Bloemfontein is a small town landlocked in South Africa. His family would vacation at the beach in Capetown where he became enamoured with the ocean. He’d play in the waves with a joy he recounts readily. Robin took to surfing as he did other pursuits that make the heart go thump. He dedicated much of his efforts at a young age to running marathons, but due to unfortunate timing his campaign to compete on the highest level for his country was impossible.

Robin Whistle

The life of an athlete is structured. Each meal carefully constructed and each beer a challenge to your resolve. For Robin, bodysurfing is a counterbalance to the years of careful calculation. “I don’t want to hear another whistle or see another stopwatch,” he stated with his ever-present grin. Robin speaks warmly of his time as a runner and the camaraderie of running with companions. Due to his slight frame, he earned the name “Wednesday Legs” as in When’s they legs gonna break? Robin still pushes that frame, only now he does it in the water.

Robin began bodysurfing after a surfing injury. He waded into the shallows with old diving fins returning with one. Each time he swam back out he tried something new and each time his bodysurfing becoming more sophisticated. He moved from shorebreak into bigger and heavier breaks. Robin noticed that as the break became heavier the crowds became more respectful and so he found himself drawn to bodysurfing the heaviest spots he could get to. Eventually his horizons expanded beyond his local shores and he took to the sails. Scouring GoogleMaps he picked a point in Costa Rica that looked like it would have an amazing wave. After a few phone calls he found someone willing to trade an empty room for work. It was in this place chosen by providence and secured through Robin’s charm that he met his wife, another gift from the boundless Ocean.

Robin’s penchant for heavy breaks has landed him in hairy positions. The most humbling of which being his session at Dungeons. He sat in the boat for hours watching some of the world’s best big wave riders trade waves. When one of them finally offered him a lift to the take-off it was too late for second thoughts. He had planned a perfect entry, but his ski driver (a big wave legend with a concussion unbeknownst to the rest of the crew) was sure he had the best spot for Robin. After staring down the cliff of a wave he swam into, Robin left that session like any other session, exhilarated and a little wiser for the next go round.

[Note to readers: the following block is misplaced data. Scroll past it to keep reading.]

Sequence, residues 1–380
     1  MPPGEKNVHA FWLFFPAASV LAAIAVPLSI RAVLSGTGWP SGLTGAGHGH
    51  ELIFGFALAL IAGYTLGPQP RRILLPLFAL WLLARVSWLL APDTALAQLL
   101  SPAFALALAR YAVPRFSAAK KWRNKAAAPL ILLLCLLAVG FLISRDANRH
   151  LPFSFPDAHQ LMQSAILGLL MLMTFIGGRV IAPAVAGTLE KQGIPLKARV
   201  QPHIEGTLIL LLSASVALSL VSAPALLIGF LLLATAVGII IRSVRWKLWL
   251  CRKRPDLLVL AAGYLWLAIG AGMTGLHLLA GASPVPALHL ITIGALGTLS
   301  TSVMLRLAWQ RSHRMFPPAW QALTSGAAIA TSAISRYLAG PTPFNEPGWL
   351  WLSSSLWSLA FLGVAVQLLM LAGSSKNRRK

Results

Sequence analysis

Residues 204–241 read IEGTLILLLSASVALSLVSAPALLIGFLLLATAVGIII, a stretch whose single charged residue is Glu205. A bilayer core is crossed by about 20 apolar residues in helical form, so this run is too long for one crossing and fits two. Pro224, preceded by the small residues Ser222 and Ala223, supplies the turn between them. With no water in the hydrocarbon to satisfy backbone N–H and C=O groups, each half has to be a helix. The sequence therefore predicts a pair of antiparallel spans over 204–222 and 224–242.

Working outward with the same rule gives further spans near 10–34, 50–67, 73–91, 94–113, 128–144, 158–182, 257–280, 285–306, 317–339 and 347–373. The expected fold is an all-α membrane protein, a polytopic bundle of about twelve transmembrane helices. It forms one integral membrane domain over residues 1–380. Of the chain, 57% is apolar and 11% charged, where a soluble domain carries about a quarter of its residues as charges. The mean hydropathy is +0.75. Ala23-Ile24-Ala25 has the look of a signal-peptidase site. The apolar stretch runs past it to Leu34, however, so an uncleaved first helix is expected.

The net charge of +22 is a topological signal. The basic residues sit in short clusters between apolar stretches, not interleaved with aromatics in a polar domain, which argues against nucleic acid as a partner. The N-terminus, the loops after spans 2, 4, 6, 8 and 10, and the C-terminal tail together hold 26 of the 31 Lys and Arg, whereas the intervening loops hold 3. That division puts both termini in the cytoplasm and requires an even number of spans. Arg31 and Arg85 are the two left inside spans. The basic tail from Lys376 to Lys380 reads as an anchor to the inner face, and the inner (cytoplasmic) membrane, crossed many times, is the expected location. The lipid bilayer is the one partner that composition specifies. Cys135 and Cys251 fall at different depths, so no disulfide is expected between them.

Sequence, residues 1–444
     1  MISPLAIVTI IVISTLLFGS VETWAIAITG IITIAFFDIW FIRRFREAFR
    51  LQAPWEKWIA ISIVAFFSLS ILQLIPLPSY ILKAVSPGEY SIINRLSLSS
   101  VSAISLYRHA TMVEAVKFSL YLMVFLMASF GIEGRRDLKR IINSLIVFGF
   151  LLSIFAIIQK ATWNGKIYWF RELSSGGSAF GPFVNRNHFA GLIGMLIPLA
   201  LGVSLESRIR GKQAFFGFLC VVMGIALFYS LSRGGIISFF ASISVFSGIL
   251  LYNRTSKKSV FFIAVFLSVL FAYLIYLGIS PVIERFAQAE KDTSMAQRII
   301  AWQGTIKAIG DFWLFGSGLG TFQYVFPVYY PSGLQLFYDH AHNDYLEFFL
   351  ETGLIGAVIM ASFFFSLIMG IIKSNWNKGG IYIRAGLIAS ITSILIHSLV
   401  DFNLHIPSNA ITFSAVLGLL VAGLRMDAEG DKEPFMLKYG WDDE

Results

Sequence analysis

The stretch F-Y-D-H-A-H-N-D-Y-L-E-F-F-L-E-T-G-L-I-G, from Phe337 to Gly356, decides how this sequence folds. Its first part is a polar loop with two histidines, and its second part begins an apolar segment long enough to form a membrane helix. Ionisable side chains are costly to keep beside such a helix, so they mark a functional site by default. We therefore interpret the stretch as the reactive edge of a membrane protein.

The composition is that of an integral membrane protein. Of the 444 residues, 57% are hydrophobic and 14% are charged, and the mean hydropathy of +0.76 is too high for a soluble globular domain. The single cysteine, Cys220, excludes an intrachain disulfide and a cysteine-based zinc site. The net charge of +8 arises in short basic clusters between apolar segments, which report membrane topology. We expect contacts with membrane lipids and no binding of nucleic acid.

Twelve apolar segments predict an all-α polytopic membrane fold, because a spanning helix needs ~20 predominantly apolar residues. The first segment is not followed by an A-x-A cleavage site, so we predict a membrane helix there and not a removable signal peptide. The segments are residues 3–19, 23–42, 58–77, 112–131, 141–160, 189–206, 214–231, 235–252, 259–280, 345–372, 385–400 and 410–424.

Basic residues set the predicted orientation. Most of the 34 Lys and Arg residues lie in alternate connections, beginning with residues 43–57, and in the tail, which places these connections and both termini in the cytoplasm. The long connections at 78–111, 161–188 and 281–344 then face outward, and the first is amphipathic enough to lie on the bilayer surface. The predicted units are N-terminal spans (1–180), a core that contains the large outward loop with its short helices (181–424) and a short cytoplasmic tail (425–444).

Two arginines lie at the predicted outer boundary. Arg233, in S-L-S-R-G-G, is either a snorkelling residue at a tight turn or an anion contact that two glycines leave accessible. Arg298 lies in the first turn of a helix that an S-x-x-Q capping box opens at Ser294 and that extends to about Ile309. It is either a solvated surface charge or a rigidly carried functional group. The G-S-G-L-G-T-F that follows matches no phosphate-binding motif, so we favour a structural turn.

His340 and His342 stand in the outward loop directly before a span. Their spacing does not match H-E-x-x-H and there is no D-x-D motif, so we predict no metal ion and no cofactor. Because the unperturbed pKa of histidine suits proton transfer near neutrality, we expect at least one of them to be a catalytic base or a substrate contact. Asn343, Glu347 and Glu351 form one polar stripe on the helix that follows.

Robin Dungeon
Robin at Dungeons: Photo by Anthony Fox

Robin talks about riding giant waves with reverence. The moment you exchange looks with your buddy and he knows exactly what is happening. The time-warp you experience as your life depends on each and every breath. The wave riding experience, enhanced by the magnitude of your own situation. He’s found some comfort in it all despite what others may think. Turns out that day we saw Robin, amped and ready to throw his body into the roaring Pacific, we weren’t the only ones who were skeptical of his ability to navigate the line-up. The lifeguard tried to talk him out of taking the plunge, warning that he’d have to pull him off of the rocks. Robin smiled and told him to make it interesting. He scored amazing waves and won a burrito dinner that night. His deep connection with the Ocean never ceases to reward.


Special thanks to Anthony Fox for providing the photographs of Dungeons. Check out more of his photography at:


Salty Fins: Mike Sullivan